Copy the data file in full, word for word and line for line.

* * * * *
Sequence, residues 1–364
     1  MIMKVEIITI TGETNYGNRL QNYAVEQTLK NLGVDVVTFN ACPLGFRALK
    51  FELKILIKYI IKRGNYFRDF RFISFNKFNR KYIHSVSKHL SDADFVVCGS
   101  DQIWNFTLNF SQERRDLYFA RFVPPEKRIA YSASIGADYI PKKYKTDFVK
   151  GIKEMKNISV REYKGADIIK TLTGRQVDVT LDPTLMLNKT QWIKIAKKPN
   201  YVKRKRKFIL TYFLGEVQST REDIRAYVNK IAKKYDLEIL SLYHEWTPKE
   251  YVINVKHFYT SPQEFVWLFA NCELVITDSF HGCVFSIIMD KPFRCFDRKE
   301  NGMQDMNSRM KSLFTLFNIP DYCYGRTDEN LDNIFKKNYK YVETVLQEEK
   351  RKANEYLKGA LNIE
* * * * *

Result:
Sequence, residues 1–364
     1  MIMKVEIITI TGETNYGNRL QNYAVEQTLK NLGVDVVTFN ACPLGFRALK
    51  FELKILIKYI IKRGNYFRDF RFISFNKFNR KYIHSVSKHL SDADFVVCGS
   101  DQIWNFTLNF SQERRDLYFA RFVPPEKRIA YSASIGADYI PKKYKTDFVK
   151  GIKEMKNISV REYKGADIIK TLTGRQVDVT LDPTLMLNKT QWIKIAKKPN
   201  YVKRKRKFIL TYFLGEVQST REDIRAYVNK IAKKYDLEIL SLYHEWTPKE
   251  YVINVKHFYT SPQEFVWLFA NCELVITDSF HGCVFSIIMD KPFRCFDRKE
   301  NGMQDMNSRM KSLFTLFNIP DYCYGRTDEN LDNIFKKNYK YVETVLQEEK
   351  RKANEYLKGA LNIE